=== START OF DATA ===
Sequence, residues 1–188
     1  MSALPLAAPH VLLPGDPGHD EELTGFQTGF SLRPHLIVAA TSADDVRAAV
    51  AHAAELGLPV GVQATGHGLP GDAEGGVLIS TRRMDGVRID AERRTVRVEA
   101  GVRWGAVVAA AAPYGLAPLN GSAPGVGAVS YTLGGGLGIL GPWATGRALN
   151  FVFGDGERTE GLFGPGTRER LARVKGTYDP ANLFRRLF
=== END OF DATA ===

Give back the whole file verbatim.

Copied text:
Sequence, residues 1–188
     1  MSALPLAAPH VLLPGDPGHD EELTGFQTGF SLRPHLIVAA TSADDVRAAV
    51  AHAAELGLPV GVQATGHGLP GDAEGGVLIS TRRMDGVRID AERRTVRVEA
   101  GVRWGAVVAA AAPYGLAPLN GSAPGVGAVS YTLGGGLGIL GPWATGRALN
   151  FVFGDGERTE GLFGPGTRER LARVKGTYDP ANLFRRLF